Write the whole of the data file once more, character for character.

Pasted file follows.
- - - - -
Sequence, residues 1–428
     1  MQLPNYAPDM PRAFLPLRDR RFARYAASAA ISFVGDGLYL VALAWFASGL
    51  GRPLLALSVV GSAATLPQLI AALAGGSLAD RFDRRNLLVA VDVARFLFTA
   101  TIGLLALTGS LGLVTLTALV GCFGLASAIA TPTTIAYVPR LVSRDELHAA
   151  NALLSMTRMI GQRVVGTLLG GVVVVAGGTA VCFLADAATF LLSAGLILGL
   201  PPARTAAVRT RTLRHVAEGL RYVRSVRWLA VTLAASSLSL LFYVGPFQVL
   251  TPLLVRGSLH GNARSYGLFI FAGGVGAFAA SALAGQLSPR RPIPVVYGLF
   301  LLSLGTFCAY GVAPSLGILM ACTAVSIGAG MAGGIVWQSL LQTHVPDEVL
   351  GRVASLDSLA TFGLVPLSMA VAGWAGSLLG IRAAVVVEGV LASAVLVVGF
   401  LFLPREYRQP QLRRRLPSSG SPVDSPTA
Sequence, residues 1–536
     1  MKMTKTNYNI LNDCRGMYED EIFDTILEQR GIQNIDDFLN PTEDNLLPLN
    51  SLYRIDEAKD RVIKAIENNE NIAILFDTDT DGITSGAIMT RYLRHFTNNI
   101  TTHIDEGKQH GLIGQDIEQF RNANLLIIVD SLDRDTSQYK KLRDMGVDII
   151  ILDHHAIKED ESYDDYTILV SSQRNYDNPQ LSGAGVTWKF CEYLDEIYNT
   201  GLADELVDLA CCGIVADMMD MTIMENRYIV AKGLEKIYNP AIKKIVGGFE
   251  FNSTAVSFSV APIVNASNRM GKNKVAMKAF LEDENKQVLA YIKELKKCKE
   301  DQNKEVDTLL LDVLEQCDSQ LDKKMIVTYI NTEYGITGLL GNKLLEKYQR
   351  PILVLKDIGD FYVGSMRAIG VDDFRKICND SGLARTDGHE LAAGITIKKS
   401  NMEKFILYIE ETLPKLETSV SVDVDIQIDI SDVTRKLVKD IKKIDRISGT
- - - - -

Sequence, residues 1–428
     1  MQLPNYAPDM PRAFLPLRDR RFARYAASAA ISFVGDGLYL VALAWFASGL
    51  GRPLLALSVV GSAATLPQLI AALAGGSLAD RFDRRNLLVA VDVARFLFTA
   101  TIGLLALTGS LGLVTLTALV GCFGLASAIA TPTTIAYVPR LVSRDELHAA
   151  NALLSMTRMI GQRVVGTLLG GVVVVAGGTA VCFLADAATF LLSAGLILGL
   201  PPARTAAVRT RTLRHVAEGL RYVRSVRWLA VTLAASSLSL LFYVGPFQVL
   251  TPLLVRGSLH GNARSYGLFI FAGGVGAFAA SALAGQLSPR RPIPVVYGLF
   301  LLSLGTFCAY GVAPSLGILM ACTAVSIGAG MAGGIVWQSL LQTHVPDEVL
   351  GRVASLDSLA TFGLVPLSMA VAGWAGSLLG IRAAVVVEGV LASAVLVVGF
   401  LFLPREYRQP QLRRRLPSSG SPVDSPTA
Sequence, residues 1–536
     1  MKMTKTNYNI LNDCRGMYED EIFDTILEQR GIQNIDDFLN PTEDNLLPLN
    51  SLYRIDEAKD RVIKAIENNE NIAILFDTDT DGITSGAIMT RYLRHFTNNI
   101  TTHIDEGKQH GLIGQDIEQF RNANLLIIVD SLDRDTSQYK KLRDMGVDII
   151  ILDHHAIKED ESYDDYTILV SSQRNYDNPQ LSGAGVTWKF CEYLDEIYNT
   201  GLADELVDLA CCGIVADMMD MTIMENRYIV AKGLEKIYNP AIKKIVGGFE
   251  FNSTAVSFSV APIVNASNRM GKNKVAMKAF LEDENKQVLA YIKELKKCKE
   301  DQNKEVDTLL LDVLEQCDSQ LDKKMIVTYI NTEYGITGLL GNKLLEKYQR
   351  PILVLKDIGD FYVGSMRAIG VDDFRKICND SGLARTDGHE LAAGITIKKS
   401  NMEKFILYIE ETLPKLETSV SVDVDIQIDI SDVTRKLVKD IKKIDRISGT